Edward Tyrone Malone v. Neil McDowell

Filing 5

ORDER SUMMARILY DISMISSING PETITION FOR WRIT OF HABEAS CORPUS AND DENYING CERTIFICATE OF APPEALABILITY by Judge John A. Kronstadt. IT IS HEREBY ORDERED that: (1) the Petition is dismissed with prejudice; and (2) a certificate of appealability is denied. IT IS SO ORDERED. Case Terminated. Made JS-6. (es)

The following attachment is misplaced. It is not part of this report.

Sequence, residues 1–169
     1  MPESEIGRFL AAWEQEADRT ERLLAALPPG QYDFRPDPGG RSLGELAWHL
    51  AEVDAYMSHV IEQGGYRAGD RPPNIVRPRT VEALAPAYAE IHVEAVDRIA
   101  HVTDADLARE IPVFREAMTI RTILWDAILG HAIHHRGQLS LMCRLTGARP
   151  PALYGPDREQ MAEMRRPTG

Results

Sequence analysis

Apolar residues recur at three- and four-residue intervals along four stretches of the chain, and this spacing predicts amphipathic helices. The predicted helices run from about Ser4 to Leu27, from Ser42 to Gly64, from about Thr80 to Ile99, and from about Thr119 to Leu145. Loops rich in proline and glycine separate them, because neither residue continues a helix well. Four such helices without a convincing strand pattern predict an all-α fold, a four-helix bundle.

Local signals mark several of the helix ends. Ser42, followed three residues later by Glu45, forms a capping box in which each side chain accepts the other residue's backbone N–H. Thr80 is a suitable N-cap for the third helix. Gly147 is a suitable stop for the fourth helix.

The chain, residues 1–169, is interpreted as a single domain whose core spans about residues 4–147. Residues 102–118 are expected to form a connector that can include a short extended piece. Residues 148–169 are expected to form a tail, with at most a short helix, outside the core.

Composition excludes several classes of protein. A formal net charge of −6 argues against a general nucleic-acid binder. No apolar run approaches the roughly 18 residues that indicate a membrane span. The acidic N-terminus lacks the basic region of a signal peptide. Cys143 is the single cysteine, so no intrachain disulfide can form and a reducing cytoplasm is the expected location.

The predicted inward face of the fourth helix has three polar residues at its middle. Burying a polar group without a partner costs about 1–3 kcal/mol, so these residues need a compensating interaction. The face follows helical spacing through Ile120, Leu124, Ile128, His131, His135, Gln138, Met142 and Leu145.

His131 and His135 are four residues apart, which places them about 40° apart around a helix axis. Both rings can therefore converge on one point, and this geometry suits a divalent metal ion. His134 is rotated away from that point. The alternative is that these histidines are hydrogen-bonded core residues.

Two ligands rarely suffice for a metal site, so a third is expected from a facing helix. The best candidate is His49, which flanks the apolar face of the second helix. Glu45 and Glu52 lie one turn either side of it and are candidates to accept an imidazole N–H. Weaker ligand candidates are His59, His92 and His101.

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1 2 3 4 5 6 7 8 UNITED STATES DISTRICT COURT CENTRAL DISTRICT OF CALIFORNIA 9 10 11 12 EDWARD TYRONE MALONE, Petitioner, 13 v. 14 15 NEIL MCDOWELL, Respondent. 16 ) ) ) ) ) ) ) ) ) ) ) Case No. CV 20-8065-JAK (JEM) ORDER SUMMARILY DISMISSING PETITION FOR WRIT OF HABEAS CORPUS AND DENYING CERTIFICATE OF APPEALABILITY 17 18 19 20 21 22 23 24 25 On September 1, 2020, Edward Tyrone Malone (“Petitioner”), a state prisoner proceeding pro se, filed a petition for writ of habeas corpus ("Petition" or “Pet.”) pursuant to 28 U.S.C. § 2254, in which he appears to challenge a 2009 decision by the California Board of Parole Hearings (“Board”) to defer his next parole hearing for ten years pursuant to California law and the state courts’ subsequent determination that his challenge to the 2009 parole decision was mooted by the Board’s 2019 parole decision. (Petition at 5-12.)1 For the reasons set forth below, the Petition should be summarily dismissed with prejudice. 26 27 28 1 The Court refers to the pages of the Petition as numbered by the CM/ECF system. 1 BACKGROUND 2 In 1990, Petitioner was convicted of two counts of attempted murder with 3 enhancements and was sentenced to a term of life in prison with the possibility of parole, 4 plus 5 years 8 months. (Pet. at 2.) His minimum eligibility for parole date was December 5 14, 2007. (Pet. at 76.) At a parole hearing in 2009, Petitioner was denied parole with his 6 next parole suitability hearing to be held in ten years. (Pet. at 9, 40.) His latest parole 7 suitability hearing took place on March 13, 2019, in which he was denied parole with his 8 next parole suitability hearing to be held in five years. (Pet. at 40, 59, 76-90.) 9 PETITIONER’S CLAIMS 10 In this action, Petitioner raises the following claims: (1) the Board’s 2009 decision to 11 defer Petitioner’s next parole hearing for ten years was an improper application of 12 California’s Marsy’s Law2 and violated his right to “due process of law as well as his 13 constitutional rights guaranteed under the 14th, 8th, 5th Amendment[s] of the Constitution” 14 (Pet. at 5-9); (2) the state courts violated Petitioner’s rights and improperly applied Marsy’s 15 Law when they found that Petitioner’s challenge to the 2009 Board decision was without 16 merit and was mooted by the Board’s 2019 decision (Pet. at 5, 9-12). 17 18 19 DISCUSSION I. Duty to Screen This Court has a duty to screen habeas corpus petitions. See Rules Governing § 20 2254 Cases in the United States District Courts, Rule 4 Advisory Committee Notes. Rule 4 21 requires a district court to examine a habeas corpus petition, and if it plainly appears from 22 the face of the petition and any annexed exhibits that the petitioner is not entitled to relief, 23 the judge shall make an order for summary dismissal of the petition. Id.; see also Local 24 Rule 72-3.2. 25 26 27 28 2 Under California Proposition 9 ("Marsy's Law"), enacted in 2008, the minimum deferral period between parole hearings was increased from one to three years, and the maximum deferral period from five to fifteen years. See Gilman v. Brown, 814 F.3d 1007, 1010-11 (9th Cir. 2016). 2 1 2 3 II. The Petition Should Be Summarily Dismissed Petitioner’s claims are clearly foreclosed by law, and the Petition should be summarily dismissed with prejudice. 4 A. 5 In 2011, the United States Supreme Court overruled a line of Ninth Circuit precedent Applicable Law 6 that had supported habeas review in California cases involving denials of parole by the 7 Board and/or the governor. See Swarthout v. Cooke, 562 U.S. 216, 222 (2011). The 8 Supreme Court held that federal habeas jurisdiction does not extend to review of the 9 evidentiary bases for state parole decisions. Because habeas relief is not available for 10 errors of state law, and because the Due Process Clause does not require correct 11 application of California’s “some evidence” standard for denial of parole, federal courts may 12 not intervene in parole decisions as long as minimum procedural protections are provided. 13 Id. at 220-21. 14 Federal due process protection for such a state-created liberty interest is “minimal,” 15 the determination being whether “the minimum procedures adequate for due process 16 protection of that interest” have been met. Id. at 221. The inquiry is limited to whether the 17 prisoner was given the opportunity to be heard and received a statement of the reasons why 18 parole was denied. Id.; see also Miller v. Oregon Board of Parole and Post–Prison 19 Supervision, 642 F.3d 711, 716 (9th Cir. 2011) (“The Supreme Court held in [Swarthout] 20 that in the context of parole eligibility decisions the due process right is procedural, and 21 entitles a prisoner to nothing more than a fair hearing and a statement of reasons for a 22 parole board's decision.”). This procedural inquiry is “the beginning and the end of” a 23 federal habeas court's analysis of whether due process has been violated when a state 24 prisoner is denied parole. Swarthout, 562 U.S. at 220. The Ninth Circuit has acknowledged 25 that, after Swarthout, substantive challenges to parole decisions are not cognizable on 26 habeas review. Roberts v. Hartley, 640 F.3d 1042, 1046 (9th Cir. 2011). 27 28 3 1 B. Claim One Is Without Merit 2 In Claim One, Petitioner contends that the Board improperly applied Marsy’s Law to 3 his case and violated his due process rights when it issued its 2009 decision denying parole 4 and deferring the next parole hearing for ten years. (Pet. at 5-9.) Petitioner’s claim is not 5 cognizable on federal habeas review. There is no indication that the Board failed to give 6 Petitioner an opportunity to be heard or a statement of the reasons for its 2009 decision. 7 Although Petitioner does not attach a transcript, it is clear that a hearing was held and that 8 Petitioner was informed of the basis of that decision. (See Pet. at 40.) Because Petitioner 9 has not shown that the procedures followed by prison officials were constitutionally deficient, 10 there is no basis for federal habeas relief on Claim One. See Swarthout, 562 U.S. at 220- 11 21. 12 C. Claim Two Is Without Merit 13 In Claim Two, Petitioner also argues that the state courts failed to properly consider 14 his habeas petitions because they incorrectly applied Marsy’s Law and improperly found his 15 challenge to the 2009 Board decision to be moot following the Board’s 2019 decision. (Pet. 16 at 5, 9-12.) Petitioner fails to state a claim for relief. A federal habeas court may not 17 reexamine a state court’s interpretation and application of state law. Estelle v. McGuire, 502 18 U.S. 62, 67-68 (1991). Moreover, claims of procedural errors in state post-conviction 19 proceedings are not cognizable in federal habeas corpus. Ortiz v. Stewart, 149 F.3d 923, 20 939, 941 (9th Cir. 1998). Accordingly, Claim Two is without merit. CERTIFICATE OF APPEALABILITY 21 22 Pursuant to Rule 11 of the Rules Governing Section 2254 cases, the Court “must 23 issue or deny a certificate of appealability when it enters a final order adverse to the 24 applicant.” 25 The Court has found that the Petition should be dismissed with prejudice. For the 26 reasons stated above, the Court concludes that Petitioner has not made a substantial 27 showing of the denial of a constitutional right, as is required to support the issuance of a 28 certificate of appealability. See 28 U.S.C. § 2253(c)(2). 4